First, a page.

Friday, November 15, 2013
Reflection: Feast of St. Gertrude
There are some things in our world that are so connected that it is hard to think of one and not also think of the other. Like salt and pepper, macaroni and cheese. The two are closely connected and are a pair. People are like that too. When you think of someone, you may immediately connect them with the work they do or a product they have made. Bill Gates is connected with Microsoft, Steve Jobs with Apple computers, and the Manning brothers with football.
When I was growing up, we had a priest in my hometown who helped us renovate our church. We would have always connected him with the renovation if it weren’t for the fact that when he left, he said he did not want to be remembered as the priest who painted the church, he wanted to be remembered as the priest who loved. He did not want his connection to be to a certain action in his life, but rather to a way of life, a way of being.
When we think of ourselves, with what do we see ourselves connected? Are we so connected to Jesus that the Gospel passage rings true, “Remain in me as I remain in you.” St. Gertrude whose feast we celebrate today, knew this connection well. She said to God, “I can find no pleasure in anything on earth save in yourself alone, my sweetest Lord.” To this, God responded, “And in the same way, I find nothing in heaven or on earth which could please me without you” (The Classics of Western Spirituality, Gertrude of Helfta: The Herald of Divine Love, 1993).
When people see us and speak with us, do they see Christ? Is Christ so alive within us, and we are so connected with Christ that it is impossible to tell where I end and Christ begins? St. Paul knew this connection well when he wrote in Galatians, “I no longer live, but Christ lives in me” (Galatians 2:20). John the Baptist was also aware of this connection. “He must increase, but I must decrease” (John 3:30). When people see us, do they see the work we do or the products we make or do these things lead them to something greater than ourselves? Do they see much more in our words and actions? Do they see Christ? Do they experience love?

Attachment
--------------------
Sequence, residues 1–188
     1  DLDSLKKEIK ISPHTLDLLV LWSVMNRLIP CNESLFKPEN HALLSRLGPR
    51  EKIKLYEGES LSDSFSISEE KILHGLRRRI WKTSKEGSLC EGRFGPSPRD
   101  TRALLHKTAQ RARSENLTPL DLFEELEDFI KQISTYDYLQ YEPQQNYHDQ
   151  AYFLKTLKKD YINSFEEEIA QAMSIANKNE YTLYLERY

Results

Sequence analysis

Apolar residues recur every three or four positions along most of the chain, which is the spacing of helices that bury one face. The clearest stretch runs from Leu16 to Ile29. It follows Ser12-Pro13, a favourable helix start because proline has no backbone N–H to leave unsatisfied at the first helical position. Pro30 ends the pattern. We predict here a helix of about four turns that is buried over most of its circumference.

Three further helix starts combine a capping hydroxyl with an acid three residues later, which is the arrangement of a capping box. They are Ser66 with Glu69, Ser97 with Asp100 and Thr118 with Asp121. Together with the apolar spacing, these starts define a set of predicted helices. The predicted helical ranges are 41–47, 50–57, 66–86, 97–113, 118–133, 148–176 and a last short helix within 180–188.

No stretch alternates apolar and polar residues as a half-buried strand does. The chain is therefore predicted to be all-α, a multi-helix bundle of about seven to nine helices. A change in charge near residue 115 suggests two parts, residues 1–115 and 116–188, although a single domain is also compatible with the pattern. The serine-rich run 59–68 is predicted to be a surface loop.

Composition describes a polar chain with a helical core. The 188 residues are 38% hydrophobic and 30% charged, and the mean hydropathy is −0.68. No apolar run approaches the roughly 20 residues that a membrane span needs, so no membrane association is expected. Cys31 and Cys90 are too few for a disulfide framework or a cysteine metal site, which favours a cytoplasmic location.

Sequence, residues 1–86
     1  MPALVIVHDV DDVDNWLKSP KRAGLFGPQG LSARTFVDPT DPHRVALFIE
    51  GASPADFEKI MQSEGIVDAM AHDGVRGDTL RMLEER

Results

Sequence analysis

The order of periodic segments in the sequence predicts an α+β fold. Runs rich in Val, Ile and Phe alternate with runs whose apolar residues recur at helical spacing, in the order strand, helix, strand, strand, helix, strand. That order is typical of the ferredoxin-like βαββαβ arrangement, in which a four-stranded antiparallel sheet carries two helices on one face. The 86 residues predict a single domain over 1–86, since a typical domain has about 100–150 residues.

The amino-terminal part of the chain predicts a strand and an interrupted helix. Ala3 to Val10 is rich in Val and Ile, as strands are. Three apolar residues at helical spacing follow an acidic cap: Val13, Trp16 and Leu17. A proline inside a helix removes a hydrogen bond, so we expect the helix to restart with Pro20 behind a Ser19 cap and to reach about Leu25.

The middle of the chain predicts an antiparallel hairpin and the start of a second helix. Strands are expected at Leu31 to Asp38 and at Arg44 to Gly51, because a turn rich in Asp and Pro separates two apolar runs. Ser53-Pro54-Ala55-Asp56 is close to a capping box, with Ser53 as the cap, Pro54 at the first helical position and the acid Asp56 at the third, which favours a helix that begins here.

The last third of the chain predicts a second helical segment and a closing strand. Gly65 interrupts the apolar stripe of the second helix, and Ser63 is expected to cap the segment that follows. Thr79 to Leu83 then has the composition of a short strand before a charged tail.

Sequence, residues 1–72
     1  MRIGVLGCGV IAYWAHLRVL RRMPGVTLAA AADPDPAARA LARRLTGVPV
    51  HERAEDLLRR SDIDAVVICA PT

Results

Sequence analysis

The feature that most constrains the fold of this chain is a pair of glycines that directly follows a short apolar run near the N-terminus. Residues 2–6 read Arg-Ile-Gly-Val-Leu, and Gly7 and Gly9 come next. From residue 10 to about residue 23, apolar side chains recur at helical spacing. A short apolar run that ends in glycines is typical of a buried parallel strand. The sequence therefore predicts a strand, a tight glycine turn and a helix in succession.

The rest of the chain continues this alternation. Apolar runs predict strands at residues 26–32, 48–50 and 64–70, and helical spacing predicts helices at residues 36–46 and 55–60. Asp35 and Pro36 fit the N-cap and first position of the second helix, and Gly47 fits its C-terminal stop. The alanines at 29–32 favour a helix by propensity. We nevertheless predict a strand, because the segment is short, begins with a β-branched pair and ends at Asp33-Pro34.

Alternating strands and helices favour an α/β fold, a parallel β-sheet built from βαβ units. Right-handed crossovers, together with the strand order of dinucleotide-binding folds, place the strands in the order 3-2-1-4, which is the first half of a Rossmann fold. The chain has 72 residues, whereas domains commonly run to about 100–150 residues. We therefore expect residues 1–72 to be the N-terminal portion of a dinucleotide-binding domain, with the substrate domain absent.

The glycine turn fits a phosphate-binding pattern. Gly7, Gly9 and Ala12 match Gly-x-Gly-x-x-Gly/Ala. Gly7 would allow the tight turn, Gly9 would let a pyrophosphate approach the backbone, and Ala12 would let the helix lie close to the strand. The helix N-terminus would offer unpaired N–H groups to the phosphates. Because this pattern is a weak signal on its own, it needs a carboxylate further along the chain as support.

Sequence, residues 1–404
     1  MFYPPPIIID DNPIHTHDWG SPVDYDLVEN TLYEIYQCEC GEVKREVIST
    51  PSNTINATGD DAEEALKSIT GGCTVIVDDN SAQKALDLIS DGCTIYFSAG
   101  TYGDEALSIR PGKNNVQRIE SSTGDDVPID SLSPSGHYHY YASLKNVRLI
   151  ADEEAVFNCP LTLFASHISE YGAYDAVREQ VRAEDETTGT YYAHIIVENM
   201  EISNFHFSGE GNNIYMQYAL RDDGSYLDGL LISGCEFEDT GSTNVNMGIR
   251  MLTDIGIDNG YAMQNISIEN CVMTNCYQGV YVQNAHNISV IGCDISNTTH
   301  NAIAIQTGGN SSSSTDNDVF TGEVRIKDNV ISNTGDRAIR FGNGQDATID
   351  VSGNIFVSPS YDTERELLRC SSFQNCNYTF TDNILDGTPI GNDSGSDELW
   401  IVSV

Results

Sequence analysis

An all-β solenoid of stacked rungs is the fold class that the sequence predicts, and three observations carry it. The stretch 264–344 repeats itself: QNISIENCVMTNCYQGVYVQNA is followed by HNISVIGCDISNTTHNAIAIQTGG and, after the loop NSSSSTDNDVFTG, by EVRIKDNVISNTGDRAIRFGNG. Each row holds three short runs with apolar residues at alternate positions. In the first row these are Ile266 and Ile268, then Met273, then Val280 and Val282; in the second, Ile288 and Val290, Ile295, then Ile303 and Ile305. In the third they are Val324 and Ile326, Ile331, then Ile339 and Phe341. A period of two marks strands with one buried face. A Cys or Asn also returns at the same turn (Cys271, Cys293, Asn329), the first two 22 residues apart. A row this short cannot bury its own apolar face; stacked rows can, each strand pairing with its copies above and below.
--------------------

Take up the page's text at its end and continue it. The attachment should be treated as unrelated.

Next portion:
There’s a story of a man who went to the doctor and was told he had 3 years to live. You can imagine the shock he experienced. He decided he was going to live life to the fullest. He was kinder than he had ever been before. He was gentler. The things that people said or did that would bother him in the past did not bother him anymore. He saw people in need and helped them. He gave away all the nonessentials in his life. People noticed a huge difference in his personality and behavior. They were drawn to him. He was now connected to Christ. He saw Christ in the people around him, and people saw Christ in him. Christ remained in him. He lived in such a way that Christ radiated through him, through his words and actions.
After some time, the man went back to the doctor, and the doctor said, “Great news! We have found a cure. You will have a complete recovery.” This was great news to the doctor, but it wasn’t for the man. He began to cry. He was afraid he would slip back to his old ways.
Christ is always with us, all around us, ready for us to bear much fruit if we remain in him and allow him to remain in us. Remaining in Christ is like a fish remaining in water. Water is the life source for the fish. Christ is our life source to God. We remain in Christ as Christ remains in God. Without Christ, we can do nothing.
To remain in Christ, we cannot just stay at the surface level and be satisfied. There’s a story of a little boy who fell out of bed. When asked why he fell out, he said, “I guess I just stayed too close to where I got in.” We continue our journey to God, not satisfied with staying at the surface level, but growing more fully aware of God’s love and presence with us and around us.
The priest in my hometown did not want to be remembered as the priest who painted the church, but rather as the priest who loved. When people see us, what do they see? Do they see the Gospel passage being lived, “Remain in me as I remain in you.” Do they see Christ so alive in us that they no longer see us, but Christ who lives within us?